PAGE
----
Naming genetic conditions
Genetic conditions are not named in one standard way (unlike genes, which are given an official name and symbol by a formal committee). Doctors who treat families with a particular disorder are often the first to propose a name for the condition. Expert working groups may later revise the name to improve its usefulness. Naming is important because it allows accurate and effective communication about particular conditions, which will ultimately help researchers find new approaches to treatment.
Disorder names are often derived from one or a combination of sources:
The basic genetic or biochemical defect that causes the condition (for example, alpha-1 antitrypsin deficiency);
One or more major signs or symptoms of the disorder (for example, sickle cell anemia);
The parts of the body affected by the condition (for example, retinoblastoma);
The name of a physician or researcher, often the first person to describe the disorder (for example, Marfan syndrome, which was named after Dr. Antoine Bernard-Jean Marfan);
A geographic area (for example, familial Mediterranean fever, which occurs mainly in populations bordering the Mediterranean Sea); or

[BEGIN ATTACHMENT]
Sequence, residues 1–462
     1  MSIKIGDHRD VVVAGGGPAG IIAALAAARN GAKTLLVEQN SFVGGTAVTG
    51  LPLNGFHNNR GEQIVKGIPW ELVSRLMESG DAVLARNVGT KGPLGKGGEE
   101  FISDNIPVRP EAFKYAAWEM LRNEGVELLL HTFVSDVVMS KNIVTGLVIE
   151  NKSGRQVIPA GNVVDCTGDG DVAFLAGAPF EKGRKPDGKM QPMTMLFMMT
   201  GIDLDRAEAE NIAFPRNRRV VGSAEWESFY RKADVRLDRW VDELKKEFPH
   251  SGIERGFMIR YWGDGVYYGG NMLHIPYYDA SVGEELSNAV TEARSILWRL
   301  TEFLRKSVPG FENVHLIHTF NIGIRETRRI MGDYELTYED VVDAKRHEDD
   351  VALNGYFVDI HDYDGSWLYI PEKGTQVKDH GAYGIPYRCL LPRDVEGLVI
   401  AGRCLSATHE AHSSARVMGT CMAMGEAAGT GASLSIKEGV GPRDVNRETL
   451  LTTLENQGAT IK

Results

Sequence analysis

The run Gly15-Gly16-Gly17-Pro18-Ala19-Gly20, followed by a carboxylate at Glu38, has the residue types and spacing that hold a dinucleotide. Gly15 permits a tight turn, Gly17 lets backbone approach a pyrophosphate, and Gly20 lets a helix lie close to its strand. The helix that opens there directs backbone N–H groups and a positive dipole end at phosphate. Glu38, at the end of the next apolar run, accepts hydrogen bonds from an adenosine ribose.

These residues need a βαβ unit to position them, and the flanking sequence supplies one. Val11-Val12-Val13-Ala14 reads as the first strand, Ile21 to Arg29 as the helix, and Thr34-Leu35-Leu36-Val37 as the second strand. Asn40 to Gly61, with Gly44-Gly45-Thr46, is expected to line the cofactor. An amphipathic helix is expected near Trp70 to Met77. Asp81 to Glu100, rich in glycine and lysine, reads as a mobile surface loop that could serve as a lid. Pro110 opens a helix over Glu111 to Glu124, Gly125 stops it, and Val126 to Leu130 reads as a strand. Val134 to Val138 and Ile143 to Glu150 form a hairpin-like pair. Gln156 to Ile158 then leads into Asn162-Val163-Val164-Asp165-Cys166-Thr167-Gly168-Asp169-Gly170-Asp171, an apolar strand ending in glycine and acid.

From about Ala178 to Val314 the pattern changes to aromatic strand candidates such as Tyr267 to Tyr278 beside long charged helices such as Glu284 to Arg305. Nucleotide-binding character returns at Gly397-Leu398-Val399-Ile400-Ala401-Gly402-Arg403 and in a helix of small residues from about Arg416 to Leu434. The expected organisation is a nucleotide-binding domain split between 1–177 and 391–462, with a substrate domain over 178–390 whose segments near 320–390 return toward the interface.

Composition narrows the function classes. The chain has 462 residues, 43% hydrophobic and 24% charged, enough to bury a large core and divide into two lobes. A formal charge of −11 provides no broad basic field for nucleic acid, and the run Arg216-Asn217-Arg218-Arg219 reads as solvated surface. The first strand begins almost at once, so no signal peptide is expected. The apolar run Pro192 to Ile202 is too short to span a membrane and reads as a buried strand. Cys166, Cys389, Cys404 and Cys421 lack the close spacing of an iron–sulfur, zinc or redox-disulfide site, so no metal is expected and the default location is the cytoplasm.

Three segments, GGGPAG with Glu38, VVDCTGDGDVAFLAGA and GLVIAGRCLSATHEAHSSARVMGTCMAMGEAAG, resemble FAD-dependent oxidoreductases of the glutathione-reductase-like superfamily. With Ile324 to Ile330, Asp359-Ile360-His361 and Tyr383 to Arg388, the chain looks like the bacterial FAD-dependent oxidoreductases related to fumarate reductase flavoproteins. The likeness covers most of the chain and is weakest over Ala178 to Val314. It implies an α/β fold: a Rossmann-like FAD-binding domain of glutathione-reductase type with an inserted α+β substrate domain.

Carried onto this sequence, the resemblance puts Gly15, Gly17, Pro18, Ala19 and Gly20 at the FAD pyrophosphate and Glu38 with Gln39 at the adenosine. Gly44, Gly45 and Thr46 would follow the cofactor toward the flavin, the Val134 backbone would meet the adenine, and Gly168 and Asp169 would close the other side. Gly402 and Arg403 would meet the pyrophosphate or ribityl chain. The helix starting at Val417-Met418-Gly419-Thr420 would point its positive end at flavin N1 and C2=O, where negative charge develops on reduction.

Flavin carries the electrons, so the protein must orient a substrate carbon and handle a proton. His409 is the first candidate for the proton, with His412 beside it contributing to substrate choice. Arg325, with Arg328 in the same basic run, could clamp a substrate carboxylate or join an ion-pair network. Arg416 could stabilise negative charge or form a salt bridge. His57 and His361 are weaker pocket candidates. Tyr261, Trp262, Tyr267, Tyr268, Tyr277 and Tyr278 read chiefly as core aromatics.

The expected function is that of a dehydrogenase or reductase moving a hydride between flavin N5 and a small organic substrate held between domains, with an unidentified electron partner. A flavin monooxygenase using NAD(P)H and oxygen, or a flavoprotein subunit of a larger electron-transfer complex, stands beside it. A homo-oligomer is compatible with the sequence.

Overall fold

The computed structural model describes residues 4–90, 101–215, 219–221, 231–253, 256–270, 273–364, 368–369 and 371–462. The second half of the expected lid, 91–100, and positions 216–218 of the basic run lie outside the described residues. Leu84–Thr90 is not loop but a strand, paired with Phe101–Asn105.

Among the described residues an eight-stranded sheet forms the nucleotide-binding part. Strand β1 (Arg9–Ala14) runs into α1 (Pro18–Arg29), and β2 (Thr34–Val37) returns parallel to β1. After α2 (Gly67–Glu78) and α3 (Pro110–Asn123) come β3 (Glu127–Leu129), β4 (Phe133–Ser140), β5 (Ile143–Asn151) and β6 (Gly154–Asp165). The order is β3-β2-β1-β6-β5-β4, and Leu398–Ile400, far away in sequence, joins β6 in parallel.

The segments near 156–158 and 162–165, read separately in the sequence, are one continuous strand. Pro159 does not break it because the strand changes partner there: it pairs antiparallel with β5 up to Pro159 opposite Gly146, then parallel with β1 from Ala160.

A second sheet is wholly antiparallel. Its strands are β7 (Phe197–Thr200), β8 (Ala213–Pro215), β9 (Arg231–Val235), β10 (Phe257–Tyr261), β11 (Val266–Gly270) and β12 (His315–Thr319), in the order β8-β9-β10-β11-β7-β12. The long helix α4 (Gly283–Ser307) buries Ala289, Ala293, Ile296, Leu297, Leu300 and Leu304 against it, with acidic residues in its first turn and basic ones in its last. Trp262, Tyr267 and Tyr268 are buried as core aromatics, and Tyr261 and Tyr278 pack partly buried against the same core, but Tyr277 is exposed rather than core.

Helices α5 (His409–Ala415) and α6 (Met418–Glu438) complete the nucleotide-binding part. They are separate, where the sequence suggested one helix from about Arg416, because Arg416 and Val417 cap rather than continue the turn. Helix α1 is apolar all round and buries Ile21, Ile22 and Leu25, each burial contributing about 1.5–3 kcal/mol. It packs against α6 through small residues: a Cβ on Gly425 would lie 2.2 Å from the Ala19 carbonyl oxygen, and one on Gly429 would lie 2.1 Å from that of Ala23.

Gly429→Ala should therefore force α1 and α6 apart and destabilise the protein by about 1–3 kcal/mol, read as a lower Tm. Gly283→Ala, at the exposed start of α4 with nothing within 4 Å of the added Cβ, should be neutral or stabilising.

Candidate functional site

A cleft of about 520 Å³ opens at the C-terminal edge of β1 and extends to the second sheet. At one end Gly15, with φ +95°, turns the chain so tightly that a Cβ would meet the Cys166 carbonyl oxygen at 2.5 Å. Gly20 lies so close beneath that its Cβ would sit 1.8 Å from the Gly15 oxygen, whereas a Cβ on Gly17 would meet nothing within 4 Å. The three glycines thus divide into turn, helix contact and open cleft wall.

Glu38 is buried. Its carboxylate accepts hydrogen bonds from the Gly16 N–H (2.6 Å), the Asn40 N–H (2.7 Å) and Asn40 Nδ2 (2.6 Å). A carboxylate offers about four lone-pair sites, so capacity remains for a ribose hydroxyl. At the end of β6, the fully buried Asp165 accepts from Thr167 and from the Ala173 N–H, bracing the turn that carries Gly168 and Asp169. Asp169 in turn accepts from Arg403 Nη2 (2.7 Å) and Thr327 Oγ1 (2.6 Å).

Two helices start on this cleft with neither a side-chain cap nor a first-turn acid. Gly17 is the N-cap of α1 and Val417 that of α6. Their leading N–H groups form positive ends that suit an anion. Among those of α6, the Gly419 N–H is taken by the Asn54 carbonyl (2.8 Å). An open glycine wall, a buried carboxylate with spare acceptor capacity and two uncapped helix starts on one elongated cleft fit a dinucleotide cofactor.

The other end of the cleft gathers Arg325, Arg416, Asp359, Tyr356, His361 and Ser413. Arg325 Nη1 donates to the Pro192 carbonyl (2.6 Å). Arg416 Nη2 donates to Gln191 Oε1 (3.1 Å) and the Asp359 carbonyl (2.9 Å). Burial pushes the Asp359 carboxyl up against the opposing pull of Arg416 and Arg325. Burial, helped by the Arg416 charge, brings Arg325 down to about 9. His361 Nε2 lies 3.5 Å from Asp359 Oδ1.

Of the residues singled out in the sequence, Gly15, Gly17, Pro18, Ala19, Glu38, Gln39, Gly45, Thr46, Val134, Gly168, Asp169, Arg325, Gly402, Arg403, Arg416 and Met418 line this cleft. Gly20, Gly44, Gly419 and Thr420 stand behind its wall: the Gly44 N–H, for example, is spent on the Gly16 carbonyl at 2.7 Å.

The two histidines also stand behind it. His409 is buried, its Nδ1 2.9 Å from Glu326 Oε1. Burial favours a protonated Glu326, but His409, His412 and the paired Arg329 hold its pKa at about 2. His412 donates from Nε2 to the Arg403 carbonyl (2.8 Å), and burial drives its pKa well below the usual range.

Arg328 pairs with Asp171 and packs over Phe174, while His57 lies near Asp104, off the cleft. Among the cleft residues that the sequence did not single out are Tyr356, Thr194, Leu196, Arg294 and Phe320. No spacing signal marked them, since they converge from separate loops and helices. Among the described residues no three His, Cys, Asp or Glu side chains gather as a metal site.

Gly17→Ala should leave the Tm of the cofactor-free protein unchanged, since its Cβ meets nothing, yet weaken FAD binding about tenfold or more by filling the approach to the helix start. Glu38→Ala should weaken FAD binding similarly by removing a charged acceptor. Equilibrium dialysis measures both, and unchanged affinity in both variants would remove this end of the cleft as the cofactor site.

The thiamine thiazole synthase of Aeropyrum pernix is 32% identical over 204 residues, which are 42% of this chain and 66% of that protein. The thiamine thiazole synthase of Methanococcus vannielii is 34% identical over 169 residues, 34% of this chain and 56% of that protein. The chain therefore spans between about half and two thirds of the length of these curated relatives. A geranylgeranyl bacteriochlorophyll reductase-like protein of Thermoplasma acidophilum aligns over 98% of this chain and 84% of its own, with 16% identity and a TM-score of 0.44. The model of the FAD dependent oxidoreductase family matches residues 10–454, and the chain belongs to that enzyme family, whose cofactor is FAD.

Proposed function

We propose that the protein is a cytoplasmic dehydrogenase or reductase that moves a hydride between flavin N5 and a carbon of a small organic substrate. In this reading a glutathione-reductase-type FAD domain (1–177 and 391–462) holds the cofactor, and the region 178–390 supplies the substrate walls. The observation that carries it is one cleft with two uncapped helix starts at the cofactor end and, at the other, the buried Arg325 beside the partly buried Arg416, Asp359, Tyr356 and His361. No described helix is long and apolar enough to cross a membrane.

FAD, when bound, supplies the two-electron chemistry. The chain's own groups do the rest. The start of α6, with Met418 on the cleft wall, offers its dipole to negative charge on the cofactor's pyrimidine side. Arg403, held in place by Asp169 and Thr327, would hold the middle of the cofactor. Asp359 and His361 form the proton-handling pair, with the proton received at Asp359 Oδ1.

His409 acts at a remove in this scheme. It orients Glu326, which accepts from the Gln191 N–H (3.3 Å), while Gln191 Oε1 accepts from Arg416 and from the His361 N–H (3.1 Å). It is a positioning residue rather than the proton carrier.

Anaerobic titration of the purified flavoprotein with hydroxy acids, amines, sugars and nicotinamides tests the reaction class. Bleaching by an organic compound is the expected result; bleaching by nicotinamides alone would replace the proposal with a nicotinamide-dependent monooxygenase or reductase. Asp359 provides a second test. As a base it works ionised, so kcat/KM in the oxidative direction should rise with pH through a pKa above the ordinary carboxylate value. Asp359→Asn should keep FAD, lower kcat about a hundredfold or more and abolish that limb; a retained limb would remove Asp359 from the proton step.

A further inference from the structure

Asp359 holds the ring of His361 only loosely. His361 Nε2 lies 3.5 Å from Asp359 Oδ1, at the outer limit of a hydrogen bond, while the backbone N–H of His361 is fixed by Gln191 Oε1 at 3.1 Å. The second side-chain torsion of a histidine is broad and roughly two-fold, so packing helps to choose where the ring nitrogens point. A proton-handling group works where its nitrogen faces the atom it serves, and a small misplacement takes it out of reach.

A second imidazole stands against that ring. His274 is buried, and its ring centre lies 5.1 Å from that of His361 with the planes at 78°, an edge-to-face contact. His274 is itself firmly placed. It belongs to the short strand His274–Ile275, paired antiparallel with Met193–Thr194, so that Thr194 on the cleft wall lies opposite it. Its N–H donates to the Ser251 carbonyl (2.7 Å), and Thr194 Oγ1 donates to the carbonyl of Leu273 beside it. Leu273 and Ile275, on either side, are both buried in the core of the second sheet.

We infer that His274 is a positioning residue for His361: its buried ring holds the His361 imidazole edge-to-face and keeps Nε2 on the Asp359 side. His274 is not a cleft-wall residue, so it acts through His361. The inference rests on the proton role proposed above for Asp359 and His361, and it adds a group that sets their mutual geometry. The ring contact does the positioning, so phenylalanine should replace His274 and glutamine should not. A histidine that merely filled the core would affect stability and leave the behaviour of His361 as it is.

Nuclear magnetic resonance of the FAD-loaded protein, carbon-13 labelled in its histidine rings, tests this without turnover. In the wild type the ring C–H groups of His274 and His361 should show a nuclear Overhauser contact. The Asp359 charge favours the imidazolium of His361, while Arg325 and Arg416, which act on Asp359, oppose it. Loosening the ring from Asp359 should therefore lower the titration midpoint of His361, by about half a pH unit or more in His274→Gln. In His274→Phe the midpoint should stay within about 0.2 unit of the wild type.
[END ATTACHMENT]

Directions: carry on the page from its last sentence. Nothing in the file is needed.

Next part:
The name of a patient or family with the condition (for example, amyotrophic lateral sclerosis, which is also called Lou Gehrig disease after a famous baseball player who had the condition).
Disorders named after a specific person or place are called eponyms. There is debate as to whether the possessive form (e.g., Alzheimer’s disease) or the nonpossessive form (Alzheimer disease) of eponyms is preferred. As a rule, medical geneticists use the nonpossessive form, and this form may become the standard for doctors in all fields of medicine.
The HUGO Gene Nomenclature Committee (HGNC) designates an official name and symbol (an abbreviation of the name) for each known human gene. Some official gene names include additional information in parentheses, such as related genetic conditions, subtypes of a condition, or inheritance pattern. The HGNC is a non-profit organization funded by the U.K. Medical Research Council and the U.S. National Institutes of Health. The Committee has named more than 13,000 of the estimated 20,000 to 25,000 genes in the human genome.
During the research process, genes often acquire several alternate names and symbols. Different researchers investigating the same gene may each give the gene a different name, which can cause confusion. The HGNC assigns a unique name and symbol to each human gene, which allows effective organization of genes in large databanks, aiding the advancement of research. For specific information about how genes are named, refer to the HGNC’s Guidelines for Human Gene Nomenclature.
Next: Inheriting Genetic Conditions